Generally, installation of most power vented water heaters costs between $1,800 and $2,220. High-efficiency and sealed combustion furnaces often range from $3,500 to $6,000, and high efficiency boilers cost between $7,000 and $10,000.
If you live in Minnesota and have natural draft equipment that is spilling waste into your home, CEE’s Lending Center can help you finance these replacement projects with our nonprofit lending options.
Many utilities also offer rebates for high-efficiency water heaters, furnaces, and boilers. Always check to see if your project is rebate-eligible.
What causes natural draft equipment to spill?
Spillage is possible with all natural draft equipment. However, under certain conditions, spillage is more likely. If your equipment is spilling, find out what is causing the spillage and work with trained professionals to correct it. The following conditions often cause spillage:
- Problems with slope. A water heater vent needs to have the proper rise in order for gravity to force the waste product outside. A vent should have a minimum upward slope of 1/4" rise per foot of run. It should never sag or dip. Vents with long horizontal sections should also be avoided. A heating contractor may be able to fix the problem by replacing your vent; however, the best option is to still upgrade to a power-vented or sealed combustion system.
- Orphaned vent. If you upgraded an old furnace to a high-efficiency model that now vents out the side of the house, you likely left your naturally drafting water heater vent orphaned in the chimney it used to share with the old furnace vent. By itself, it may no longer be able to draft the waste from the water heater. If this is the problem, make plans to upgrade your water heater to a power-vented model.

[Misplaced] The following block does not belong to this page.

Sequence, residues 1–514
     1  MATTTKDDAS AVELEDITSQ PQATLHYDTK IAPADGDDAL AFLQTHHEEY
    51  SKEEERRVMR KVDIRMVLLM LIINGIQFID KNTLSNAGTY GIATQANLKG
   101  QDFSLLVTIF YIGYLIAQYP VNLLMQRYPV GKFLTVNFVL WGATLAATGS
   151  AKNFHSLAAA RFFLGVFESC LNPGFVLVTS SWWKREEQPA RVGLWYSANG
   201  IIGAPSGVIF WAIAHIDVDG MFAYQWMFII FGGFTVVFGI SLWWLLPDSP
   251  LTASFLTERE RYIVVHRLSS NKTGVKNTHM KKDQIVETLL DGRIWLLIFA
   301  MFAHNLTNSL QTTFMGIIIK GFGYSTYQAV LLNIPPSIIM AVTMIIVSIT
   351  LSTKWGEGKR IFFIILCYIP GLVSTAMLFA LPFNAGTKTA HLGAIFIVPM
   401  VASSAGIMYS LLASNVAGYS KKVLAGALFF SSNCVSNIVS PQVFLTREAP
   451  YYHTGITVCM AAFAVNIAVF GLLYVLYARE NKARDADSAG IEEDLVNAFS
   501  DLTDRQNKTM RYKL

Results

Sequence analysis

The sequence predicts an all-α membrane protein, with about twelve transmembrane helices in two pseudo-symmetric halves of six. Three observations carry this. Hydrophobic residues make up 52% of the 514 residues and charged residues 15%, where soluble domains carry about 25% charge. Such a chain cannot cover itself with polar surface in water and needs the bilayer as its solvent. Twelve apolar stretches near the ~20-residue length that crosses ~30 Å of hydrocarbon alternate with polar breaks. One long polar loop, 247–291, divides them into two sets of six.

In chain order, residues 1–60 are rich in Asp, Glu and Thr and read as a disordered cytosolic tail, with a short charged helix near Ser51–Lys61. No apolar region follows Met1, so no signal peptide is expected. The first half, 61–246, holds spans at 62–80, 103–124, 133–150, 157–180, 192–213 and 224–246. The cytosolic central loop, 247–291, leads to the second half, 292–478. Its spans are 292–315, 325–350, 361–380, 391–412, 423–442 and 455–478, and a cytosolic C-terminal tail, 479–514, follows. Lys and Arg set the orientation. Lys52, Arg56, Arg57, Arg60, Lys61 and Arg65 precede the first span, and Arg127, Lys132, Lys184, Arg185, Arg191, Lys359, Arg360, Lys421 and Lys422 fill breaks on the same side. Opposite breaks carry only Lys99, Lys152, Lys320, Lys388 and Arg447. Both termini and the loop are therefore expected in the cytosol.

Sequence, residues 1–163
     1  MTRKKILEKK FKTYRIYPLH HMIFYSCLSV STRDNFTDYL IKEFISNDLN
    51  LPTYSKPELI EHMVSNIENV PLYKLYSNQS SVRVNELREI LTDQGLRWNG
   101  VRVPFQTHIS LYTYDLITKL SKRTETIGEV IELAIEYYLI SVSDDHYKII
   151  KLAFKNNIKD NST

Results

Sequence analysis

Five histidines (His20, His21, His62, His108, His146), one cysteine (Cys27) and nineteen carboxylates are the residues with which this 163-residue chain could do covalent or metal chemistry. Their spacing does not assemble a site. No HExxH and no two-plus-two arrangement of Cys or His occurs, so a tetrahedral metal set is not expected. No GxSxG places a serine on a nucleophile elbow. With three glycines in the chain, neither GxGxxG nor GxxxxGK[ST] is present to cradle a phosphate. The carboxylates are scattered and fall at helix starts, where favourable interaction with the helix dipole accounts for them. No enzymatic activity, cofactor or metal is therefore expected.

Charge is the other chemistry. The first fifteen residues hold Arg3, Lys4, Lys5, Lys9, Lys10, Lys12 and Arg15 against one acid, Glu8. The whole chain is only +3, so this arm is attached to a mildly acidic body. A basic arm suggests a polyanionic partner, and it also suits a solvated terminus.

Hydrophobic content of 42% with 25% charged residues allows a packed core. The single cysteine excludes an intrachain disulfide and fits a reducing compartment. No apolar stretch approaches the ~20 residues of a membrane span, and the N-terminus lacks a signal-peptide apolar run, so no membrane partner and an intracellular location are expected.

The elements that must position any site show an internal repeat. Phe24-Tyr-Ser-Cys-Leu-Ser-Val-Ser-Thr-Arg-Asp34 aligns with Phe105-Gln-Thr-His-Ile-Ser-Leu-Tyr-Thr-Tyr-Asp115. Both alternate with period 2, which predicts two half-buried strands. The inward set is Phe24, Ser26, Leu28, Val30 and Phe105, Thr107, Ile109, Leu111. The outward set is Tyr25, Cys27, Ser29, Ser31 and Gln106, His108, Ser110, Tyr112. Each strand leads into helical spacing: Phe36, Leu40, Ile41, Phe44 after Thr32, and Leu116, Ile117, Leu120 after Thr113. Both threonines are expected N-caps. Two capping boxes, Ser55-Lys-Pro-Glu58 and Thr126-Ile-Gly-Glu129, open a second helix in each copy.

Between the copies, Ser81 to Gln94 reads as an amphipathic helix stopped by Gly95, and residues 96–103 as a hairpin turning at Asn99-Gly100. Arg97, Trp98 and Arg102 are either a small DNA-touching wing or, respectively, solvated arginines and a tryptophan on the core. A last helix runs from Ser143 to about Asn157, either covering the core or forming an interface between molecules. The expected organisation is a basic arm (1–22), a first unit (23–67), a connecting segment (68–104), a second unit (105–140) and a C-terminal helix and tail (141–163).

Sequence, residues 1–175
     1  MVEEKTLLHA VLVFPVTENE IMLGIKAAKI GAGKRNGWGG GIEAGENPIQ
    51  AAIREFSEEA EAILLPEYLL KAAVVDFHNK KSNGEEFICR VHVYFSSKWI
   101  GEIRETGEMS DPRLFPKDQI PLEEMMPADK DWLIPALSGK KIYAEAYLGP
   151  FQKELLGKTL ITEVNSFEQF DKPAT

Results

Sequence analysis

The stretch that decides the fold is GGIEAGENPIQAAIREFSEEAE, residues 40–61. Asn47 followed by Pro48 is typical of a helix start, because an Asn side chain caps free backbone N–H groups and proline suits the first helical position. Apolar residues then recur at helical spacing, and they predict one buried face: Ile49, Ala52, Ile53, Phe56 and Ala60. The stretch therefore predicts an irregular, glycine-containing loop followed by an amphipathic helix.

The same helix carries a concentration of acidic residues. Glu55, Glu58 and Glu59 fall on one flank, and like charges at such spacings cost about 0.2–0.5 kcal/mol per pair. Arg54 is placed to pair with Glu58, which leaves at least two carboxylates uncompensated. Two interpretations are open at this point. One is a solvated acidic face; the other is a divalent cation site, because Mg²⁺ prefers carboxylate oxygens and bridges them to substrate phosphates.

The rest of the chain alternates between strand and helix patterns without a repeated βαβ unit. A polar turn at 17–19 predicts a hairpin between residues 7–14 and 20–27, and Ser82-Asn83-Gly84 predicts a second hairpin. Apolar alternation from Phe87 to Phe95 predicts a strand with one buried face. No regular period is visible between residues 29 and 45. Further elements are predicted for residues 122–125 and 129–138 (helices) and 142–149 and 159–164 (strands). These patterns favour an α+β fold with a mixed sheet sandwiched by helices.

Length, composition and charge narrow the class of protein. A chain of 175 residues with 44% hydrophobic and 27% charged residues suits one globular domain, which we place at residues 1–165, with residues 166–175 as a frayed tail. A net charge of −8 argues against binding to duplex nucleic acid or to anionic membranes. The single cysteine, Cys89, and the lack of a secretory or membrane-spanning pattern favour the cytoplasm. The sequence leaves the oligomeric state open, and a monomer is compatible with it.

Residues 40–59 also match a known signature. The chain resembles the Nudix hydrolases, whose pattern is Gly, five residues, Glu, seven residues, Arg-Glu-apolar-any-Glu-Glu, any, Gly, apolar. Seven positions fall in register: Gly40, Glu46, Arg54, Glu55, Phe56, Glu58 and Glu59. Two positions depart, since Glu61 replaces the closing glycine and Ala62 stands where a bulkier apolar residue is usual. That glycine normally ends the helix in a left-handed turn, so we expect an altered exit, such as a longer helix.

- Other exhaust equipment. A naturally drafting water heater or heating system relies solely on the buoyancy of hot gas to rise and remove the waste up and out the flue. Often, this cannot compete with other stronger exhaust systems like a kitchen range hood, bath fan, or clothes dryer, which have powerful fans and motors that work to remove food smells, smoky air, and moisture from your home. When one or more of these fans or motors are running, they can force your water heater to spill into your home by pulling gases back down the flue. If either the furnace or water heater spills in this scenario, it is important to upgrade the equipment. Until it is replaced, avoid running multiple exhaust equipment fans at once.
You can read more about these and other conditions on this Structure Tech Blog Post. Note that in this blog, they have used the alternate term “backdrafting” to describe spillage.
I have natural draft equipment — should I upgrade my appliances?
If your energy auditor recommends that you switch to sealed combustion appliances or informs you of any safety issues with your current system, you should make the change in the interest of your home’s safety.
Also, if you insulate or air seal your home, upgrade to sealed and power-vented models as a part of this work. While insulation may seem unrelated to water heaters and heating systems, it makes your home tighter, which increases the likelihood of problems due to spillage, since gas waste would be trapped inside.
Lastly, if your natural draft equipment is not spilling, you should upgrade to sealed combustion versions when you replace the equipment due to age or failure. CEE recommends replacing water heaters after 10 to 12 years, furnaces after 20 years, and boilers after 25 years.
Finally, if have any questions about combustion gas spillage, remember that CEE’s free Energy Advisor Service is here to bring clarity to your project. Contact them at 612-244-2484 or through the Ask Us button below.